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Emery family withdraws consent to build communications tower at Cooks Butte Park

PMG FILE PHOTO  - Save Cooks Butte leaders draft ballot language in hopes to prevent development like a communications facility at the park.The grassroots movement led by passionate Lake Oswego community members to preserve Cooks Butte Park in its most natural state earned a victory this week.

The three Emery sons, whose parents sold the park to the City in 1975, withdrew their consent for the City to build a public emergency communications facility at the park.

After Save Cooks Butte leaders gathered about 900 petition signatures in an effort to place an initiative on the May 2020 ballot that would protect 11 Lake Oswego parks from development, Les Emery — son of Marjorie and John Emery — and his niece Suzanne attended a Protect LO Natural Parks meeting Nov. 5 at Lake Theater & Cafe and showed solidarity with the Save Cooks Butte community.

Les spoke during the meeting and according to Lake Oswego resident and Save Cooks Butte leader Scott Handley, Emery talked about his parents' love for the park and intent that it remain a natural space. He then informed the community that all three children withdrew their consent.

"I was amazed and relieved at the same time. I wanted to go out and shout to the world that 'Wow, the hard grassroots effort of this community that has been backing me has really paid off,'" Handley said. "It's helped the Emerys reaffirm the values they and their parents wanted for this place."

Mayor Kent Studebaker also notified the public during the Nov. 5 City Council meeting that the Emerys withdrew their consent and therefore the City can't construct a communications tower at Cooks Butte.

This news follows a heated debate between Save Cooks Butte supporters who wanted to preserve the park as a natural space and the City and Clackamas 800 Radio Group (C800) — a conglomerate of 18 different public safety agencies like police and fire departments in Clackamas County — who said Cooks Butte provided the best location to erect a communications tower to improve communications for police, fire and life safety personnel.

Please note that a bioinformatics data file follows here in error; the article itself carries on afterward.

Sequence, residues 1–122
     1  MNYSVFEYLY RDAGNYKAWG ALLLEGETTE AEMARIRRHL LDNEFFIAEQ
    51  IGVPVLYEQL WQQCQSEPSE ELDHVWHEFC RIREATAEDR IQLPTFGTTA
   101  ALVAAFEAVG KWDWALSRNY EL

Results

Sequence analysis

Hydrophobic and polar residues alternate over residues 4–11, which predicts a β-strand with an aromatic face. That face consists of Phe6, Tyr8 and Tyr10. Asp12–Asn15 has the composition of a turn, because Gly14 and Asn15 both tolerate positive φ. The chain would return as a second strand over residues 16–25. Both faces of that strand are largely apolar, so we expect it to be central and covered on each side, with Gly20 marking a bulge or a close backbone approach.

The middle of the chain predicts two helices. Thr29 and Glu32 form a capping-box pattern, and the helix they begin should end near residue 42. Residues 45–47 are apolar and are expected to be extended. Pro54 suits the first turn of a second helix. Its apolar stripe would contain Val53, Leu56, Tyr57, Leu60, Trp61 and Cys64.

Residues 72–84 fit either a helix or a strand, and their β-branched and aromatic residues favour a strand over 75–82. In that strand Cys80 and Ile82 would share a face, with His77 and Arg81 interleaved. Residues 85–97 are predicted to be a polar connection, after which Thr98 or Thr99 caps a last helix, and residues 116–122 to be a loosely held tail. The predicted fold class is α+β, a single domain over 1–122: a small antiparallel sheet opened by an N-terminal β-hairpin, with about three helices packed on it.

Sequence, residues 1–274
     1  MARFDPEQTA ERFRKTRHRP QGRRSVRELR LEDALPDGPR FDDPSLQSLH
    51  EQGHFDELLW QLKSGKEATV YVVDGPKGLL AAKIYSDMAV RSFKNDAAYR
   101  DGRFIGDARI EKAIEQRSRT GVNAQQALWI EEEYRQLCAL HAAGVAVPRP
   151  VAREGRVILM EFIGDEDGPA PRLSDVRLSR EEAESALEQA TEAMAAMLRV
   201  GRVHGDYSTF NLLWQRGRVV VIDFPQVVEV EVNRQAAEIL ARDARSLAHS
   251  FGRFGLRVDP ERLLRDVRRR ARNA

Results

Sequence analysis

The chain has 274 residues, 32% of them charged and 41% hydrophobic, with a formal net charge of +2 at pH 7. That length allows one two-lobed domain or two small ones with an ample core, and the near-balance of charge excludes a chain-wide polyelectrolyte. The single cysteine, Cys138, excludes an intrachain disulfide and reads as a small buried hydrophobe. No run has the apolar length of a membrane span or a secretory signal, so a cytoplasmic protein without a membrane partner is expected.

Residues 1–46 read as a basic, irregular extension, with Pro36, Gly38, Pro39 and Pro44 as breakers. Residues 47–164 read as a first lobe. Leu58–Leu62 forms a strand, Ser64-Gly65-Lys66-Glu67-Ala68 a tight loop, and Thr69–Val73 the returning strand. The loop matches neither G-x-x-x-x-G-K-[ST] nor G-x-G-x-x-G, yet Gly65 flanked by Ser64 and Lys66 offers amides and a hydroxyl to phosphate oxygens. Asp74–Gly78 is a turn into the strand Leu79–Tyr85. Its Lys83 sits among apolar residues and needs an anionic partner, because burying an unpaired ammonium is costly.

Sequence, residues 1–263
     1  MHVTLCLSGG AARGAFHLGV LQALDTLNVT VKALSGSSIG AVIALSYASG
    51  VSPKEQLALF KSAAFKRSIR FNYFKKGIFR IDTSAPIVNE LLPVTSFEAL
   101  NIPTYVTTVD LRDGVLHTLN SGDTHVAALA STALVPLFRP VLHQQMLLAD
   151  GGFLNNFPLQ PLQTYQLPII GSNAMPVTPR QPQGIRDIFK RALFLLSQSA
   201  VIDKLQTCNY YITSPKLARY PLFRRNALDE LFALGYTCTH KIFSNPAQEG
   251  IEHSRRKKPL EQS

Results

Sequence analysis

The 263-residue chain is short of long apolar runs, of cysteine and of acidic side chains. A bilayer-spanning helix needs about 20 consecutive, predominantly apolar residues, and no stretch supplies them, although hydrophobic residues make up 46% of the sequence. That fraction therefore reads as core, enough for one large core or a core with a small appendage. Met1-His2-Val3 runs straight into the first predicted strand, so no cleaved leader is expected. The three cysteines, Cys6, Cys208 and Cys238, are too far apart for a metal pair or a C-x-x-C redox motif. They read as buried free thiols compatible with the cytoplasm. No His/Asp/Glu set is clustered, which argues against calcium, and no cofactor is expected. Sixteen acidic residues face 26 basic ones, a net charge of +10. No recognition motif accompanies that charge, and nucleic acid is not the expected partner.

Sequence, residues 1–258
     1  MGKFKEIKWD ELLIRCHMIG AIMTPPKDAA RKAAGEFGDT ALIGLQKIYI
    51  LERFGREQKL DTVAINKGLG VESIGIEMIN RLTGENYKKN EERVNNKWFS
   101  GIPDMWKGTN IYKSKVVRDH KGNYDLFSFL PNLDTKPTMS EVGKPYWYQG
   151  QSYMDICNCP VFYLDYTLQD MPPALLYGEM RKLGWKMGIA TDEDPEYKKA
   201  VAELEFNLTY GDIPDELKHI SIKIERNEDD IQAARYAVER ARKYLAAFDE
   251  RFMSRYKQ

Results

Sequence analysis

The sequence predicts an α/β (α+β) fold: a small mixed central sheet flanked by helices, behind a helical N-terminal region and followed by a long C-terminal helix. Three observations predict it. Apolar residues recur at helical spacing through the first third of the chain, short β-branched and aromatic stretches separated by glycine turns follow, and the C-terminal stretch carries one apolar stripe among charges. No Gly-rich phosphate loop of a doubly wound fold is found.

But despite the news that a communications facility will not be built at Cooks Butte, Handley said he is still moving forward with the ballot initiative.

He said the ballot initiative is instrumental in the community's ability to hold its elected officials accountable.

"We are proposing to amend the City Charter so that way it's written into basically the City's constitution what can and cannot be done within a natural area," Handley said.

In order to initiate a municipal ballot measure, a person must collect signatures from at least 15% of registered voters in the city. In Lake Oswego, there are just over 29,100 registered voters, so more than 4,300 signatures are required to place the initiative on the May 2020 ballot.

But that doesn't deter Handley and other Cooks Butte supporters.

"Our petition signature rate is over 90%," Handley said. "We expect these signers to sign the petition for (a) ballot initiative."

Handley started collecting signatures from community members who were against a communications facility at Cooks Butte and is confident they will sign the ballot initiative as well.

The initiative would repeal and replace Chapter X in Lake Oswego's City Charter that was created in 1978 to preserve Springbrook Park or other parks "acquired by a bond issue after the effective date of this Chapter if (and only if) the voters specifically designate such other park as subject to this Chapter."

It says an athletic facility, parking lot, road or trail for motorized vehicles cannot be developed on the park's property.

According to Handley, the initiative would expand limitations for 11 natural parks — Bryant Woods Park, Canal Acres, Cooks Butte, Hallinan Woods, Iron Mountain Park, Lamont Springs Natural Area, River Run, Southshore Natural Area, Springbrook Park, Stevens Meadows and Woodmont Nature Park — and development would be limited to only what is necessary for the enjoyment of the natural spaces.

Handley said the initiative would also allow room for the addition of other natural spaces to be included in the charter as they appear.

"This initiative maintains the original integrity of Chapter X while expanding it to protect many other Lake Oswego natural parks from development inconsistent with a natural area," he said.

Handley said signatures will need to be collected by Feb. 1, 2020, to reach the goal of being placed on the May 2020 ballot.

The initiative has been drafted and Handley plans to launch it this November.

Community members can find the ballot initiative's website. To watch the video of the Protect LO Natural Parks meeting, visit the Save Cooks Butte website.


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